Double Yolker!

In order to test the eggs for contaminants, we first have to separate the egg contents from the eggshell. To do this we use a dremel tool to carefully cut through the eggshell, but not the membrane. We then lift up the piece of cut eggshell. Here, there is always a moment of hesitation: what will be inside?

Sometimes we find a nice yellow yolk with a viscus albumen (the whites). However, as the eggs age, both the yolk and albumen start to break down making them runny. On other instances we find more developed embryos, and to be honest, the scene can be quite gruesome.

The worst, by far, is a rotten egg. Sometimes just with the slightest touch of the dremel, the egg will explode sending shell and contents everywhere. For example, one of our middle school interns picked a piece of shell out of my hair.

But occasionally, we will find something surprising. Like a double yolker! While taking photos of the clutch, Aubrey noticed that one egg was bigger than the others in the clutch (Egg C).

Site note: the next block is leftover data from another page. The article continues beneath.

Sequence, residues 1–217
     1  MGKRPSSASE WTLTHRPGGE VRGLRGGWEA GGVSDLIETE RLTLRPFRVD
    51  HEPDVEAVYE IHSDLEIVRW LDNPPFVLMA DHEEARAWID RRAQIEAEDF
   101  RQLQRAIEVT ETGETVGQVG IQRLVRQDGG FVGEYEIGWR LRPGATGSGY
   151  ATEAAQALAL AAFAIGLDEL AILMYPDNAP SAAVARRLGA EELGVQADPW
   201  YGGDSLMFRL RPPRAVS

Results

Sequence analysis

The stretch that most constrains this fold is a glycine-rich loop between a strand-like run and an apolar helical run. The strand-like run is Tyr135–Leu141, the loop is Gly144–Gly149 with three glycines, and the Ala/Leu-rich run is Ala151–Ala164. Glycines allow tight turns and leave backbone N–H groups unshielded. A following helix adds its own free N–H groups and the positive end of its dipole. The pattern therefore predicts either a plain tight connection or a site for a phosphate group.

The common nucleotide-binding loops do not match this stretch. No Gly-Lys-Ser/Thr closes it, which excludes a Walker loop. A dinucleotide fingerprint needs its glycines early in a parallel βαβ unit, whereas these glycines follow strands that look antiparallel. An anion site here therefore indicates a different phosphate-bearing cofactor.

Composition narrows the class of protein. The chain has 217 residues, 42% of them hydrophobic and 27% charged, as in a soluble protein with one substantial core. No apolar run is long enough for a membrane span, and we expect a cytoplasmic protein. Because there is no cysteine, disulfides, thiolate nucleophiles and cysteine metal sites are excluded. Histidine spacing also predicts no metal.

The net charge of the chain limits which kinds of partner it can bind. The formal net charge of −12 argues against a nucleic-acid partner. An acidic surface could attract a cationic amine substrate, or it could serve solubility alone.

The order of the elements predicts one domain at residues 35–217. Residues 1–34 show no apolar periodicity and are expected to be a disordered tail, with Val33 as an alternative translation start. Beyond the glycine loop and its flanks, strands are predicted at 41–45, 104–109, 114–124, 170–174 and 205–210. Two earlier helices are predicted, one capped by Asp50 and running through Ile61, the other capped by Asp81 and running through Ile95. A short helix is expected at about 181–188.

When we went to curate it, we found not one, but two perfect yolks.
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I’m not sure anyone has ever looked at the odds for house sparrows, but for chickens the odds of getting a double yolker is about 1 in 1,000. Just as in humans, twin birds can be fraternal or paternal. If a female produces two yolks in a short enough time span (about three hours), than both yolks will travel through the oviduct together as one egg creating fraternal twins. If the embryo splits within the egg during development than the twins will be paternal. Most of these twins will die in the egg completing for the same resources. However, there are some cases where twin egg are able to successfully hatch!

One of these cases happens to be in bluebirds! Back in 2013, a Nestwatch volunteer in State College Pennsylvania found more nestlings in a nest of bluebird than there had been eggs! Twins had successfully hatched! These rare occurrences can only be documented through having vigilant and dedicated nestbox monitors and naturalists around the world.

This post was written by Suzanne Hartley, to learn more about Suzanne and the rest of the team check out the Sparrow Swap Team page.